Five superstar cities outperform the rest of the nation over time, thanks to healthy economies and rising incomes
By Paul Kaihla
Business 2.0 Magazine
About the last place a prospective homebuyer might want to peruse MLS listings these days is in one of the country’s most expensive markets, like San Francisco, where the median cost of a single-family dwelling has jumped 37 percent since 2003. (It’s now more than triple the national figure.)
A couple of leading economists, however, think buyers shouldn’t be intimidated, even if prices in these markets go into a slump. San Francisco, New York, and a small handful of other big cities may suffer dramatic swings in a downturn, but their long-term trends “are so strongly upward that if you’re willing to buy and hold, it’s a good strategy,” says Todd Sinai, an associate professor of real estate at the Wharton School and coauthor of a recently released study called “Superstar Cities.”
The same logic, Sinai says, applies in other inflated markets like Boston, Los Angeles, and Seattle.
So what are the criteria for bubble-proof status?
Limits on the supply of new land and buildings factor heavily, but even more important are trends in household income. According to the study, prices are likely to keep climbing in cities where poor and middle-class households are being nudged out by rich ones. The phenomenon skews prices higher than the national average because more dollars are chasing fewer properties.
According to Joseph Gyourko, who coauthored the study with Sinai, living in these areas is akin to owning a scarce luxury good. “If you think of these cities as factories for high-income households,” Gyourko says, “then the demand for luxury goods will continue to rise as long as you’re creating rich people.”
Another way to put it is that the growing wage gap between rich and poor Americans is being mirrored in real estate, and the income schism is especially exaggerated in wealthy cities with little new construction.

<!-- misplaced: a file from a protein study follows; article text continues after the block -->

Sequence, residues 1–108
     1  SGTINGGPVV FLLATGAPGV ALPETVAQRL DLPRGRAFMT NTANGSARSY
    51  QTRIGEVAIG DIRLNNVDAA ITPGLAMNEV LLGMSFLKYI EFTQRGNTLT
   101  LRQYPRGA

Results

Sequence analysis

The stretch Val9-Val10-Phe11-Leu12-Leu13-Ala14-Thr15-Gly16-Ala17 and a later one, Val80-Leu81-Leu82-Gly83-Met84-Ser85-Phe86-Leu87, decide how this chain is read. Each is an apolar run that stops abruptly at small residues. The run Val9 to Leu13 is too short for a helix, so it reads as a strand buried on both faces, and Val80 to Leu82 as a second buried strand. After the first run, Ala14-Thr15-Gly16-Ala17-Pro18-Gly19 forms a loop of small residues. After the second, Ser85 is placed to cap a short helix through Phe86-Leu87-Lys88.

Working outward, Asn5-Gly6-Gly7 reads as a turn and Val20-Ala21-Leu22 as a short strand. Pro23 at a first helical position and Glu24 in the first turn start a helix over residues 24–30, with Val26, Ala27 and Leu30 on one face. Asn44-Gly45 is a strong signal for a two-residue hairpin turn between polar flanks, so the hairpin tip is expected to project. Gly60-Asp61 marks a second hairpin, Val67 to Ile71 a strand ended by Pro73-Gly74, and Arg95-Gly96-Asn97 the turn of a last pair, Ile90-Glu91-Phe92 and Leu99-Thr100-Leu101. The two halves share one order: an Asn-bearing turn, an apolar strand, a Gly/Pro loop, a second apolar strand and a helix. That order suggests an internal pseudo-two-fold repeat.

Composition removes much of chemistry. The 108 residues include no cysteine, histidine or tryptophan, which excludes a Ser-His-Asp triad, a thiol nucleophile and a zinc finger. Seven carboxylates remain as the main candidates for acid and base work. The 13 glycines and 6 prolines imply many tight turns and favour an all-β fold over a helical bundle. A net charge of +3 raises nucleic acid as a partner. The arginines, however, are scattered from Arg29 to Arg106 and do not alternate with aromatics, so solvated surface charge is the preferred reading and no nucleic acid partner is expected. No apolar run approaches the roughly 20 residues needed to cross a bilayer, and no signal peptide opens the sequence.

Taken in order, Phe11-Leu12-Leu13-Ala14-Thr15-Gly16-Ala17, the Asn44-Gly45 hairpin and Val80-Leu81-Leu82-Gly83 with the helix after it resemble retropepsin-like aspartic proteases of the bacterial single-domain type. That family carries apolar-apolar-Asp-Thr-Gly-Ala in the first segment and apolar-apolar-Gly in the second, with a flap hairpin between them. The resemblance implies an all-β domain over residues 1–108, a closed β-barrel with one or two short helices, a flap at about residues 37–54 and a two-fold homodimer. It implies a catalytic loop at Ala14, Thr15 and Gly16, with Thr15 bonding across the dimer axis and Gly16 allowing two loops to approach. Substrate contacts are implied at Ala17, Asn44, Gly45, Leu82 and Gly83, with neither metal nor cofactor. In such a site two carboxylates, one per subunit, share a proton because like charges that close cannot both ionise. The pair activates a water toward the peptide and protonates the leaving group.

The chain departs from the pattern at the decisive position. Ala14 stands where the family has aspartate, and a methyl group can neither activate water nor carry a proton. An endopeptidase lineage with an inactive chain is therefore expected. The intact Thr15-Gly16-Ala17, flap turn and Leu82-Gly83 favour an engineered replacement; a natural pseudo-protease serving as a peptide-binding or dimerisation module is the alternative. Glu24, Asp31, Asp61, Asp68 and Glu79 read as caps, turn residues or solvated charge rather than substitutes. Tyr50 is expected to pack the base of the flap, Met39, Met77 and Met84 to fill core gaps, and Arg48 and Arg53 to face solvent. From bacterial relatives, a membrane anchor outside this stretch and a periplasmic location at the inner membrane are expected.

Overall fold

On the opposite end of the spectrum are places like Las Vegas, which, despite the huge run-up in prices in recent years, is adding more than 30,000 new homes a year, and where the growth in wealthy households lags behind the national average. Since the 1980s, the proportion of households in Vegas earning $110,000 or more a year barely grew; in San Francisco, it’s jumped by more than 20 percent.
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The upshot? While Vegas could be looking at a price drop of as much as 13 percent, Sinai believes the Bay Area may not have one at all.
Investors who are catching on to the research aren’t waiting.
Ryan Lugbauer, whose partners own dozens of buildings in San Francisco, paid $670,000 in September for a single-family Victorian in the Inner Mission, a Latino neighborhood in transition. He plans to spend as much as $250,000 to turn the house into a duplex.
“It’s a great time because there are fewer bidders,” Lugbauer says. “Politicians here restrict development to a minimum, and it ends up driving up prices because the big earners want to live here. That’s never going to change.” Lugbauer thinks he could put his fixer-uppers back on the market for a combined $1.4 million as early as next year.